Gaffe-prone Biden shouldn't be cloistered, Obama aide says: 'He either can cut it or he can't'

David Axelrod, a former top adviser to President Barack Obama, seemed incensed on Thursday after seeing a report that some of former Vice President Joe Biden's allies proposed that the 2020 frontrunner scale back appearances amid a series of public gaffes.

"This is bad advice. You can’t cloister the candidate and win," tweeted Axelrod, who served alongside Biden during the Obama years.

"He either can cut it or he can’t, and the only way he can prove he can is to be an active and vigorous candidate. He’s running for president of the United States, for God’s sake!"

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Axelrod also derided the way Biden's allies attempted to influence the campaign, arguing they should offer that type of advice in private rather than in the media.

For weeks, Biden has faced a flurry of attention surrounding verbal slip-ups that some claimed were common across his political tenure. For example, Biden claimed to support "truth over facts" and incorrectly stated that two high-profile mass shootings occurred in Michigan and Houston.

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President Trump, who has himself made some verbal slips, nonetheless highlighted the issue on Saturday when he asked his Twitter followers whether anybody actually believed the former vice president was "mentally fit" to serve as commander-in-chief.

When asked about the gaffes, a senior Biden adviser dismissed those concerns as part of a "press narrative." "I want to be very clear; this is a press narrative, not a voter narrative," senior adviser Symone Sanders responded. "If you were to look at the coverage in Iowa this weekend and juxtapose the local newspapers and local television coverage to national media coverage, you would have thought these reporters were at two different events.”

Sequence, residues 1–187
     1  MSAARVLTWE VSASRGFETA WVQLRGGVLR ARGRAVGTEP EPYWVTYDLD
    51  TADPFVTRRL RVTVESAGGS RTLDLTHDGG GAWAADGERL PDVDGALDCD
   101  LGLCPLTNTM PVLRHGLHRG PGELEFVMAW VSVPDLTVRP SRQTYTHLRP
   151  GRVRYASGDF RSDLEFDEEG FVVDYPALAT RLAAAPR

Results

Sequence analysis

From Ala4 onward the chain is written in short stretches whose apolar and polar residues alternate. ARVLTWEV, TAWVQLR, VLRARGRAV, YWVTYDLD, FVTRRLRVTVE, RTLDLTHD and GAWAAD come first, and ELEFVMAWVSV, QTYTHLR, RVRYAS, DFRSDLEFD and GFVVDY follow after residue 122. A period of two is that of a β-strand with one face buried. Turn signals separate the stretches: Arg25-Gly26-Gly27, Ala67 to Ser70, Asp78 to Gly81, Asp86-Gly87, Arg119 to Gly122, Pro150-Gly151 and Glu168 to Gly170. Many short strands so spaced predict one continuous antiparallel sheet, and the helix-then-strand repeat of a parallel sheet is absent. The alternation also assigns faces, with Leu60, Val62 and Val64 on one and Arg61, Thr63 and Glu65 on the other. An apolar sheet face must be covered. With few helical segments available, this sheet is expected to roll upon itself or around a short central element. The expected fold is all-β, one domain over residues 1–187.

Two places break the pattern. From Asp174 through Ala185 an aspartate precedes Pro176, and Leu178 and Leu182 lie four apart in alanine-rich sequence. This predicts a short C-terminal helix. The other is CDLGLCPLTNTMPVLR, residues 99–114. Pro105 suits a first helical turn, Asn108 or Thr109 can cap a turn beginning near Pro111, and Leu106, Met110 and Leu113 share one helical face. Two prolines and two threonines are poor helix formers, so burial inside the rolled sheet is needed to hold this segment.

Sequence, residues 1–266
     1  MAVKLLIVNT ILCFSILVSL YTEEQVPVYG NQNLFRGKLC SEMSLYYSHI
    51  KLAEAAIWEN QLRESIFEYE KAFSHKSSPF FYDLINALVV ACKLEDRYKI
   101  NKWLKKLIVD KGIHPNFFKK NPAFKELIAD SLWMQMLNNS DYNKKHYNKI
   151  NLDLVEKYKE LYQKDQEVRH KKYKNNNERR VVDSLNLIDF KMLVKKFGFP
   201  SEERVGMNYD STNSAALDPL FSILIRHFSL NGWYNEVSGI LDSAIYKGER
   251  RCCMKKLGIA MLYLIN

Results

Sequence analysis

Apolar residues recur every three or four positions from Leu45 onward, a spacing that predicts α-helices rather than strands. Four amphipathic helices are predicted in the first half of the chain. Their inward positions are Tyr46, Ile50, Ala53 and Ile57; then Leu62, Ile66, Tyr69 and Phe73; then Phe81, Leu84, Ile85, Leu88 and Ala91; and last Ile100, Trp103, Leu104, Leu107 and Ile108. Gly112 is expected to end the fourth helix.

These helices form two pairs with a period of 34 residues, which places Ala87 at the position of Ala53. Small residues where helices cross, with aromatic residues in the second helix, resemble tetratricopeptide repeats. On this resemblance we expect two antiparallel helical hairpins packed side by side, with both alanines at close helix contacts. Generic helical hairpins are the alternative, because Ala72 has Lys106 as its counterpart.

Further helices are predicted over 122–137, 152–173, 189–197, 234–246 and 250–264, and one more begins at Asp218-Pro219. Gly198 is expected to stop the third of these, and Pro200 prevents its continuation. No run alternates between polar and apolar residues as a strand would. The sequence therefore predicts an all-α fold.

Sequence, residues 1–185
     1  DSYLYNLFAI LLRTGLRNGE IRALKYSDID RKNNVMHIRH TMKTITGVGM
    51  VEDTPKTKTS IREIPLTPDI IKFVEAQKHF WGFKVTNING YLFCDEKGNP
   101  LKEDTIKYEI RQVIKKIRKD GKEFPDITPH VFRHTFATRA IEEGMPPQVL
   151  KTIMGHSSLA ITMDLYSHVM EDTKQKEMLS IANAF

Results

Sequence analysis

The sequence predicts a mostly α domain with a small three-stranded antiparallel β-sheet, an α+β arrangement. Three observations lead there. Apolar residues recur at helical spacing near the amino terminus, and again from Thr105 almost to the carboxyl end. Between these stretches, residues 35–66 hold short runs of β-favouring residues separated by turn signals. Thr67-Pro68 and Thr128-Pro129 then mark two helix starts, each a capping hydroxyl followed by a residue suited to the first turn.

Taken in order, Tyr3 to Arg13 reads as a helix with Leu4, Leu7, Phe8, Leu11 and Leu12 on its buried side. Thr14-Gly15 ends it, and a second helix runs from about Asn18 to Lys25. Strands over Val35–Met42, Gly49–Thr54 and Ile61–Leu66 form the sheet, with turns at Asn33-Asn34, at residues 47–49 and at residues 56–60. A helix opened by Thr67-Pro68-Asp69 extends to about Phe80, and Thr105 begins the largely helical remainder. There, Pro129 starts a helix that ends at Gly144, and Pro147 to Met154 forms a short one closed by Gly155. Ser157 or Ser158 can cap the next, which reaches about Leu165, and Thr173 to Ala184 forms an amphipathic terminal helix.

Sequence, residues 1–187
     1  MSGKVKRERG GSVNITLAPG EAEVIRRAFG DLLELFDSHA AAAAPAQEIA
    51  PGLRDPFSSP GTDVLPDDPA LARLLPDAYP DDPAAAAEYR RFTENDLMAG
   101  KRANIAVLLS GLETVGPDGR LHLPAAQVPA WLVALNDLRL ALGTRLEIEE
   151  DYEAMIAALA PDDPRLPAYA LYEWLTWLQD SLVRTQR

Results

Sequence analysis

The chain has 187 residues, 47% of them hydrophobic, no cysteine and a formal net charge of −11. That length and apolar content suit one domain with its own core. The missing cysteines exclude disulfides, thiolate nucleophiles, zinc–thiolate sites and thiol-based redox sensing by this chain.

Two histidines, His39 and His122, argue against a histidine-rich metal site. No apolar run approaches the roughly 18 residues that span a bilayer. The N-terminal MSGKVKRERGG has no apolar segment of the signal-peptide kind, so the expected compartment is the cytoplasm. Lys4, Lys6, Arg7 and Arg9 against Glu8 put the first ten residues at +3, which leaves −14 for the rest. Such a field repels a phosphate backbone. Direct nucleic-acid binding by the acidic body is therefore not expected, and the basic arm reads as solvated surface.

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Axelrod similarly took aim at Biden's handling of federal funding for abortion. Biden has long supported the Hyde Amendment but video surfaced of him telling an activist that he would oppose it as president. Biden later said that he didn't hear the activist's question and eventually reversed his decadeslong support for the historically bipartisan measure.

"So, that was a flip-flop-flip which is never a good thing in politics and it raises questions about his own performance and his own steadiness and his campaign's performance," Axelrod said.

Fox News' Joseph A. Wulfsohn contributed to this report.